Discussion in 'Interactive Brokers' started by ciccio, Jan 2, 2020.
Looks like cost is 2%-ish if you wanted the option to lock in today's conversion rate for Dec 2020.
You could organize street riots in the EU, asking for the ECB to raise interest rates. Other than that I dont see how you can do much about it
Yes, I asked a couple of times a similar question, and got similar answers (some good, thanks all !), don´t see how OP can sort out his problem if he wants to keep all the account balance in cash in EUR and in a single IB account.
A multimillion EUR balance used fully for futures margining sounds scary btw, but to each their own expertise.
@ciccio, Just some quick remarks:
1) It used to be that brokers accepted investment-grade bonds as collateral for futures. Even if IB doesnt allow this, bonds are a safe asset which you can sell anytime to fund your margin. These days the method is not so useful as german government bond yields -0.6% but hey thats better than -1%. You can probably still find some short term eurozone corparate bonds yielding positive returns, for example Deutsche Bank, available at IB, https://www.bourse.lu/security/XS0519942139/166686
2) When you think about risk of stocks, bonds, USD, etc, keeping a large sum at IB is also not so great! IB itself has a BBB+ credit rating which is investment grade, but quite low, so this is not risk free by any consideration.
3) If your bank account in your home country does not yet charge you for keeping the money then move it there, and move it back to IB whenever you need a higher balance for margin. This will be cheaper than paying 1% to IB.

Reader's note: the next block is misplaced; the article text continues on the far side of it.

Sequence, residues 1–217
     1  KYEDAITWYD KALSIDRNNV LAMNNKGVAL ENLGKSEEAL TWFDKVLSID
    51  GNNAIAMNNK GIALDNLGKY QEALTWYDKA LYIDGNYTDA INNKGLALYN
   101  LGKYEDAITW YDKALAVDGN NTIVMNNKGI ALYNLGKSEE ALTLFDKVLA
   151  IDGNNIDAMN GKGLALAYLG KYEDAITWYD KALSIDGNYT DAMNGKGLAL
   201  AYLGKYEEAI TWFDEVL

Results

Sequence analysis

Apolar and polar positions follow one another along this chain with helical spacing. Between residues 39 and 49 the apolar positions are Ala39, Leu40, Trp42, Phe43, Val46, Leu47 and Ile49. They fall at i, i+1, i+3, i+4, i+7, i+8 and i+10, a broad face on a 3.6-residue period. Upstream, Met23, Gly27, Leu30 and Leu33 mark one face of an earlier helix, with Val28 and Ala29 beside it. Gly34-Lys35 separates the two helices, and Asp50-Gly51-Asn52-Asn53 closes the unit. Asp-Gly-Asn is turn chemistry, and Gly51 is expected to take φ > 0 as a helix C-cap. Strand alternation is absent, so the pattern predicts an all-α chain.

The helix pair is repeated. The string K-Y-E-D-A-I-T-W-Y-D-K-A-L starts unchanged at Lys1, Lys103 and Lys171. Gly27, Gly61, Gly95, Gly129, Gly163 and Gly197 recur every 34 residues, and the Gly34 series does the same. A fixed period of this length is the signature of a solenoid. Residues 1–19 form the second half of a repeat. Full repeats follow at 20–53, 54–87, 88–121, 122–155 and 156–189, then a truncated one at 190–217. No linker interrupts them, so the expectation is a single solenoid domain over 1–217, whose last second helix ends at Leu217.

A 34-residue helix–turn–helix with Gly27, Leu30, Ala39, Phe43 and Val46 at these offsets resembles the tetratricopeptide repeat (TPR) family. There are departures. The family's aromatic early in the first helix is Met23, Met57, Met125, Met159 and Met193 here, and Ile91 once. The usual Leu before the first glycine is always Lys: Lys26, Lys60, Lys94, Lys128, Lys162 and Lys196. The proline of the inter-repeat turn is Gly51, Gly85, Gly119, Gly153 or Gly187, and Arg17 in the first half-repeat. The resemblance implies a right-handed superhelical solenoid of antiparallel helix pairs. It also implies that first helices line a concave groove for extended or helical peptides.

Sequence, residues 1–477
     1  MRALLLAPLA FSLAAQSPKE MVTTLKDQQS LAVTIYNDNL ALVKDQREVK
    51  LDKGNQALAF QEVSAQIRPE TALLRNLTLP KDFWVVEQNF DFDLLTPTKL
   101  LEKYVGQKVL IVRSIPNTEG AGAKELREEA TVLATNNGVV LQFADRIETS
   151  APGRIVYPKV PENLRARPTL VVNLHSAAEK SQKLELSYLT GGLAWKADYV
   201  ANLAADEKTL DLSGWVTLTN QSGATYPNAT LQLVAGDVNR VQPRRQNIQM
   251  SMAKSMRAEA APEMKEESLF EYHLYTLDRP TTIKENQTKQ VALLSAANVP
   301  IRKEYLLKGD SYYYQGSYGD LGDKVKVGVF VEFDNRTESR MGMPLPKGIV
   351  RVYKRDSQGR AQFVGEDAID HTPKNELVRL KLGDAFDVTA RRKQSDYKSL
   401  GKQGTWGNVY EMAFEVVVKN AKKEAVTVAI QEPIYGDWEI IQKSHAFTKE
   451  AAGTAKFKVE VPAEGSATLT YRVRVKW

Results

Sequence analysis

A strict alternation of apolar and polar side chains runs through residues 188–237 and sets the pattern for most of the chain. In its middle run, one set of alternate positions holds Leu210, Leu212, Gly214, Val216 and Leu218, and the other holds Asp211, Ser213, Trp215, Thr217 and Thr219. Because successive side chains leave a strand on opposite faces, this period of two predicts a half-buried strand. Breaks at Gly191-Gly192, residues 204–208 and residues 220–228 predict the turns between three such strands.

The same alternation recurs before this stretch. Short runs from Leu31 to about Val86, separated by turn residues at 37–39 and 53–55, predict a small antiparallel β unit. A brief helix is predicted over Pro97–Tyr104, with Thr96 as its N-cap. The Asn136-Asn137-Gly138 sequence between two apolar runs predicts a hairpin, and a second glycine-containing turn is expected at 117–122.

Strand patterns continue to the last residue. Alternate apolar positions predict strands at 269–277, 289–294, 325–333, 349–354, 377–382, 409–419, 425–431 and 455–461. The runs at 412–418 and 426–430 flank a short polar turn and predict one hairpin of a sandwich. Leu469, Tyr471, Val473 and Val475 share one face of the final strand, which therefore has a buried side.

Very interesting. What is your understanding of seggregation rules if IB goes under?
To use IB's credit rating as an indication of fund safety is kind of misleading imo. Sure it is not 100% safe but unlike buying a bond from a company IB is not allowed to use customer money for business operating purpose. Also the customer fund is subject to call anytime unlike a bond in which the principal is only paid upon maturity.
I agree 100%
Careful here - We have a good case study in front of us called MF Global.
I certainly do not agree 100%, but find comfort in segregation.
I can speak from direct experience because I was involved in the failure of MF Global and also in the failure of Refco. Those who had an account to trade stocks or futures have recovered everything (even if after a long time). Those who had an account to trade on unregulated products (for example forex) lost about 50%.
Segregation is good, money on demand is good, 7B in capital which IB boasts is also good, trading only regulated products is good, and if I didnt know this I would not keep my money at IB. However, when we are talking about an account with a few million in it, a difference between an AA rated bank and a BBB+ rated broker starts to make a big difference.
@ciccio, is your bank also charging negative rate?
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